DragonFly bugs List (threaded) for 2008-12
DragonFly BSD
DragonFly bugs List (threaded) for 2008-12
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Re: Interactive performance regression since 2.0 (patch #2)

From: Matthew Dillon <dillon@xxxxxxxxxxxxxxxxxxxx>
Date: Wed, 17 Dec 2008 14:02:42 -0800 (PST)

:Did I get this right? Lets say that thread A wants to go back to user
:mode, and since no other threads are running it does that. Then, right
:after, thread B also wants to go back to user mode, and since it has
:higher priority than thread A it will preempt thread A and start running
:instead? And this is just for the case where a thread returns to user
:mode, for threads already in user mode normal scheduling will occur?
:Erik Wikström

    Let me explain it more fully.

    LWKT   - The core light weight thread scheduler used by DragonFly.
	     Handles the actual running of all execution contexts,
	     kernel or user.

    USCHED - The user mode thread scheduler controls which one of N
	     user mode threads is allowed on the LWKT queue for any
	     given cpu at any given moment.

    Every thread in the system will be running in either user mode or
    kernel mode.  Pure kernel threads always only run in kernel mode.

    For any given cpu only ONE LWKT thread may be scheduled for user
    mode operation.  All remaining runnable LWKT threads will be running
    in kernel mode.

    So if you have, say, five threads running in user mode on one cpu four
    of those will be held by the USCHED_BSD4 scheduler on its run queue
    and only one will be held by the LWKT scheduler (the one actually
    running).  The USCHED_BSD4 schedule chooses which one of N threads that
    want to run in user mode actually gets to run at any given point in
    time on a particular cpu.

    Any user mode thread can only block or be switched away while in
    kernel mode.  So, for example, if a user thread makes a system call
    it will now be in kernel mode and no longer subject to USCHED_BSD4,
    and USCHED_BSD4 will in fact be able to schedule another user mode
    thread while the first one is sitting in kernel mode handling the
    system call.  Thus any user thread which blocks while making a system
    call does so in kernel mode and does not effect USCHED's ability to
    schedule another user mode thread as the 'one' user mode thread running
    on any given cpu.


    Ok, so what this maens is that from USCHED's point of view there is
    only the 'current' user mode thread scheduled by LWKT, the usre mode
    threads that previously tried to return from kernel mode back to user
    mode but couldn't, which are sitting in USCHED's run queue, AND then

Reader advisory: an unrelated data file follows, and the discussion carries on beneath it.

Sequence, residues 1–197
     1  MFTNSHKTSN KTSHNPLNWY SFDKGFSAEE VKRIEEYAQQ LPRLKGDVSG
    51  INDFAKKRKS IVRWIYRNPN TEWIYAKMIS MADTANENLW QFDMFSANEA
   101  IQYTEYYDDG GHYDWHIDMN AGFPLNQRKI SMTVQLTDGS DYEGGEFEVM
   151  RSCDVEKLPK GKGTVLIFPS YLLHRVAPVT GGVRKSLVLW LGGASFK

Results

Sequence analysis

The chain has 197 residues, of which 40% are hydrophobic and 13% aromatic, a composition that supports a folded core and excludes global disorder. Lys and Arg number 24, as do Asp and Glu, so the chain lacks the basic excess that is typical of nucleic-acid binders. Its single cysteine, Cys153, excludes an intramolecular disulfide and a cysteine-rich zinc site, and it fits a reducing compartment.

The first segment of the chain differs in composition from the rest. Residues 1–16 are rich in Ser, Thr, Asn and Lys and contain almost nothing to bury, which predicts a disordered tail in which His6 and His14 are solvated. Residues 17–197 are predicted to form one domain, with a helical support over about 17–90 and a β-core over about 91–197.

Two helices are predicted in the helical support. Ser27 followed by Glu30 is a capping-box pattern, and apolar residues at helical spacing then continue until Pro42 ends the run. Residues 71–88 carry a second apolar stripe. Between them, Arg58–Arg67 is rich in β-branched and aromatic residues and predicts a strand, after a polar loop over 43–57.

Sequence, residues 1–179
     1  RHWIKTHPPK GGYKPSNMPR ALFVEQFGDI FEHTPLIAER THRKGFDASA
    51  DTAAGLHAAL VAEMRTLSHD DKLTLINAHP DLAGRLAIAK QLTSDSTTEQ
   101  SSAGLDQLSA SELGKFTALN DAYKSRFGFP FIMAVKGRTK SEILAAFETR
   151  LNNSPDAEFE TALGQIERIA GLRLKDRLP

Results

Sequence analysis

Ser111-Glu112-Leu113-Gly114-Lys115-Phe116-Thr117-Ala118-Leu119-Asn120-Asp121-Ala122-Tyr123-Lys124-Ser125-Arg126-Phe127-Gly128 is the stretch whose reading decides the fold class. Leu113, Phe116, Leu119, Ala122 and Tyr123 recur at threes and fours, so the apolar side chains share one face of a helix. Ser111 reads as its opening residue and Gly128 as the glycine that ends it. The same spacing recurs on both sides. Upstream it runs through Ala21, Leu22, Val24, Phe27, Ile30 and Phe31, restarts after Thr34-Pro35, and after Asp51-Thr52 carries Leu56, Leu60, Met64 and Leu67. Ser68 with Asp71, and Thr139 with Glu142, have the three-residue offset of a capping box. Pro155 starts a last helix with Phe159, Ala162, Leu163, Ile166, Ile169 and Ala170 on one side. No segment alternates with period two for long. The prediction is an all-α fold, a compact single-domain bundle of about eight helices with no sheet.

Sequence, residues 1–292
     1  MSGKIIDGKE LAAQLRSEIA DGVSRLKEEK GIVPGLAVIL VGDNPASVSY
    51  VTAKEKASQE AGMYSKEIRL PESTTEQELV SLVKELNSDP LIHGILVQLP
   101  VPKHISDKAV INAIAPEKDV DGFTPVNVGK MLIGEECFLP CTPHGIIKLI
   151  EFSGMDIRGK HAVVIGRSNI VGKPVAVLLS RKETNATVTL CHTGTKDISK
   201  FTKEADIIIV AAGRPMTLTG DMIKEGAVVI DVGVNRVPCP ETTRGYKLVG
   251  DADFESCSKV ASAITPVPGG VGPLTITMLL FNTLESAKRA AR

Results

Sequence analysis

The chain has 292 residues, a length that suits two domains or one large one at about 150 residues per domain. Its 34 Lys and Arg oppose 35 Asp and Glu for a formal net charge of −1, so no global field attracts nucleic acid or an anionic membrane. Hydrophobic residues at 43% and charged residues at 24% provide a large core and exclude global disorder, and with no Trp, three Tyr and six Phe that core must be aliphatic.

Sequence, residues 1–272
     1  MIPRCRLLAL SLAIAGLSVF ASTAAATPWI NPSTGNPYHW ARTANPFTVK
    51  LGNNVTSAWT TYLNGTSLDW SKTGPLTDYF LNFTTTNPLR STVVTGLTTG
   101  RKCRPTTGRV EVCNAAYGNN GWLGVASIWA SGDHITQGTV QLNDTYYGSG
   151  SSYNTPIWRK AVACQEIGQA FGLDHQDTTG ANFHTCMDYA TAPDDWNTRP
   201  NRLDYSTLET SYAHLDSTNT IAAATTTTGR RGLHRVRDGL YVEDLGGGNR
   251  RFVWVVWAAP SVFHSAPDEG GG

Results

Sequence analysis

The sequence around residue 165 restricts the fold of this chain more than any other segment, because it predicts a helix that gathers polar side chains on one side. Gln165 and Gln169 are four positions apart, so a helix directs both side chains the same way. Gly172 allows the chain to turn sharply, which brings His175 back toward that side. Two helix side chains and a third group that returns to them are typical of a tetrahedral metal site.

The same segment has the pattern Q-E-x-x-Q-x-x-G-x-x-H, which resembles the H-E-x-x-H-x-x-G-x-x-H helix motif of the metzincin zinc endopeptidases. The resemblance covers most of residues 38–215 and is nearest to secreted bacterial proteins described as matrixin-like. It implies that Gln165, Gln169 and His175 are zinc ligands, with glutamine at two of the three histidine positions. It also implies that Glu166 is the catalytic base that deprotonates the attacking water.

there are the threads runnin in kernel mode that are trying to return
    to user mode.  For example, if you hit a key in a ssh client the ssh
    program was sitting blocked in select() in kernel mode waiting for the
    key, and now that it has it is trying to return from the select() system
    call back into user mode.

    The USCHED algorithm centers on these kernel mode threads that are
    trying to return to user mode.  Kernel mode threads always have priority
    over any thread already in user mode (of which only one can be schedule
    to LWKT at any time).

    So here is what happens:  A kernel mode thread is trying to return to
    user mode so it checks its dynamic user priority against the currently
    scheduled user mode thread on that cpu.  If its dynamic user priority
    is better then the currently scheduled user mode thread then it takes
    over and becomes the currently scheduled user mode thread.  It
    deschedules the OLD user mode thread from LWKT and returns it to the
    USCHED run queue.  However, this thread does not immediately return
    to user mode.  If there are still other runnable LWKT threads present
    (running in kernel mode), it switches to them first, giving them a
    chance to try to return to user mode and possibly take over the
    'currently scheduled user mode thread' designation for that cpu.

    Once all other LWKT threads running in kernel mode are exhausted the
    last LWKT thread holding the bag will be the ONE user mode LWKT thread
    left, and that thread returns to user mode.  Any other user mode threads
    that tried to return to user mode but couldn't will be sitting on the
    USCHED run queue waiting for their turn.

    Certain events will cause the current user mode thread to get interrupted.
    For example, a scheduler clock tick or if some kernel mode LWKT thread
    becomes scheduled.  The current user mode LWKT thread will get
    interrupted and enter kernel mode.  If the event is a reschedule request
    this thread will check the USCHED run queue to determine if it is still
    the best user mode thread and if not it will deschedule itself, place
    itself back onto the USCHED run queue, and schedule the best
    thread from the run queue to take its place.

    Similarly, as another example, if an interactive program sitting blocked
    in the kernel waiting on an event gets woken up that will cause the 
    currently running user mode thread to take a AST fault with a LWKT
    reschedule request.  It will enter the kernel and see that there are LWKT
    kernel threads present, and switch.  If the target LWKT thread then tries
    to return to user mode and has a better priority (which it will because
    it is an interactive program), it deschedules the user mode thread that
    was running and puts itself in the driver's seat so it can return to
    user mode itself.  The original user mode thread is handed back to USCHED.

					Matthew Dillon 

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